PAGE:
Leicestershire 294 (Swindells 67, Scriven 65) and 13 for 4 (Roland-Jones 3-6) need 262 runs to beat Middlesex 297 (Simpson 92, Eskinazi 64, Higgins 53, Finan 5-58) and 271 (Holden 91, Stoneman 81, Parkinson 4-69)
Middlesex have put themselves within sight of a victory that will put them squarely in contention for the Division Two title after Leicestershire’s fragile batting undid their good work with the ball on day three of their LV= Insurance County Championship match.
It left Leicestershire with a fourth-innings target of 275 to record their first win of the season. Instead they are in deep trouble at 13 for 4 going into the final day.
After leaders Nottinghamshire’s heavy defeat at Worcester, a win here would take Middlesex into the final round of matches next week in second place just nine points behind. Middlesex face Worcestershire at New Road, with Nottinghamshire at home to Durham.
Leicestershire had achieved their first objective for the day by finishing just three behind on first innings after Ed Barnes and Chris Wright added 21 runs to their overnight total.
Leicestershire were in the ascendancy as Middlesex’s nascent second innings lost three wickets in the first 10 overs, mainly as a consequence of Parkinson’s bold decision to give his own left-arm spin a try with the new ball just five overs old.
By then, Middlesex had already lost Sam Robson to a fine catch at second slip by Colin Ackermann off Michael Finan. Parkinson struck with his seventh ball as Steven Eskinazi’s paddle-sweep looped to short leg.
When he made one bounce and turn to have a groping Pieter Malan caught at slip in his next over, Middlesex were 44 for 3, just 47 runs in front.
But as Stoneman and Holden set their minds to scoring quickly in the hope of taking the game away from their opponents, Leicestershire’s front-line seamers found it hard to apply the brake. By lunch, Middlesex were 108 for 3, 111 in front.
The fourth-wicket pair added 50 in 10 overs and maintained that rate of scoring, Holden reaching his personal half-century off 48 balls, Stoneman his off 74.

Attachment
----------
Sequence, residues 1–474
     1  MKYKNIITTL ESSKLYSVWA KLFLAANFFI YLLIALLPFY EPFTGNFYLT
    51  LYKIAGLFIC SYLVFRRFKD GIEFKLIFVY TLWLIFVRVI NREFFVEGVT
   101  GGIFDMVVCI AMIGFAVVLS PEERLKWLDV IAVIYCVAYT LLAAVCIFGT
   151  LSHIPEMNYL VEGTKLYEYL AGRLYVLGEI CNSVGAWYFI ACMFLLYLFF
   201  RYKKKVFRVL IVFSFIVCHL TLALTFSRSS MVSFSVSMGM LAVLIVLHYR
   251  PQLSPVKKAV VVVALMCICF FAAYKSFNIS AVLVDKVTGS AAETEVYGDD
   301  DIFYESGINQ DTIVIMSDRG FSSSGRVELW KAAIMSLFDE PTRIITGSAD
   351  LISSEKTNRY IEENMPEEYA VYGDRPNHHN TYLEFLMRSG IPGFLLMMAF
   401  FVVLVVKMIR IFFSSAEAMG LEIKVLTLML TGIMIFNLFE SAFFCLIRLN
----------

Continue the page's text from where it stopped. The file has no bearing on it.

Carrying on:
Parkinson almost had Stoneman on 51 with a difficult chance to short leg at 139 for 3, but the pitch was becoming increasingly unresponsive and Middlesex were now in control of their destiny.
By tea, their lead had been extended to 247, although the session had also seen Leicestershire fight back with three wickets.
Holden, often easy on the eye as he gathered 13 boundaries, departed on 91 after uncharacteristically poking at a wide ball from Tom Scriven outside off stump, caught behind by a diving Harry Swindells.
Stoneman went to sweep Louis Kimber, thus far an occasional off-spinner, but missed and was bowled behind his legs for 81. When Ryan Higgins was bowled by Ahmed, failing to pick the youngster’s googly, Leicestershire felt they were back in the game, in theory at least.
Indeed, the momentum stayed with them after tea as Middlesex’s collapse accelerated, their last four wickets tumbling for nine runs as John Simpson, sweeping, was bowled by one from Parkinson that turned back a long way and Luke Hollman heaved a horribly mistimed pull straight to mid-on.
Parkinson picked up his fourth wicket when another super delivery, perhaps his best of the day, beat Ethan Bamber’s push forward to clip off stump, before a Roland-Jones miscue to long-on gave Ahmed his third.
It left Leicestershire to chase 275 to win, not the most forbidding target but a formidable one for a team of their thin resources. If they could have found a way through the last 16 overs of the day without mishap, they might have given themselves a chance.
Instead, Tim Murtagh dismissed Sam Evans leg before with his second ball, Sol Budinger, off the mark with a thick outside edge for four, was bowled off an inside edge by Roland-Jones, who then saw off Kimber, bowled by a full delivery and Ahmed, dragging on one to his leg stump, leaving them 13 for 4 inside the first six.